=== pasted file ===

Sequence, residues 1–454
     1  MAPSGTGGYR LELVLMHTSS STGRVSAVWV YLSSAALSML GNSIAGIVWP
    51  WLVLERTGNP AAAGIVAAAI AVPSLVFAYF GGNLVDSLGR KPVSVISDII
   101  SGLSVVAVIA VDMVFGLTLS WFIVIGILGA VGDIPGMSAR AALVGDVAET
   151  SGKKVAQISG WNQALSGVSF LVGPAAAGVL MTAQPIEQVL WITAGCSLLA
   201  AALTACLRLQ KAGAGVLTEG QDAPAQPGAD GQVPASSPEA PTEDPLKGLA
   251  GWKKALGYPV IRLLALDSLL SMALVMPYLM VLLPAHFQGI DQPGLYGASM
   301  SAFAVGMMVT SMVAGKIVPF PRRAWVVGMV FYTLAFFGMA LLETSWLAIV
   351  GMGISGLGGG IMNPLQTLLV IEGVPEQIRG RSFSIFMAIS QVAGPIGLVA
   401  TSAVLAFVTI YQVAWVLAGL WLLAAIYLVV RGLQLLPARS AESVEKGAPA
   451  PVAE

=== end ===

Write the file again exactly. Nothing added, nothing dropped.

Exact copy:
Sequence, residues 1–454
     1  MAPSGTGGYR LELVLMHTSS STGRVSAVWV YLSSAALSML GNSIAGIVWP
    51  WLVLERTGNP AAAGIVAAAI AVPSLVFAYF GGNLVDSLGR KPVSVISDII
   101  SGLSVVAVIA VDMVFGLTLS WFIVIGILGA VGDIPGMSAR AALVGDVAET
   151  SGKKVAQISG WNQALSGVSF LVGPAAAGVL MTAQPIEQVL WITAGCSLLA
   201  AALTACLRLQ KAGAGVLTEG QDAPAQPGAD GQVPASSPEA PTEDPLKGLA
   251  GWKKALGYPV IRLLALDSLL SMALVMPYLM VLLPAHFQGI DQPGLYGASM
   301  SAFAVGMMVT SMVAGKIVPF PRRAWVVGMV FYTLAFFGMA LLETSWLAIV
   351  GMGISGLGGG IMNPLQTLLV IEGVPEQIRG RSFSIFMAIS QVAGPIGLVA
   401  TSAVLAFVTI YQVAWVLAGL WLLAAIYLVV RGLQLLPARS AESVEKGAPA
   451  PVAE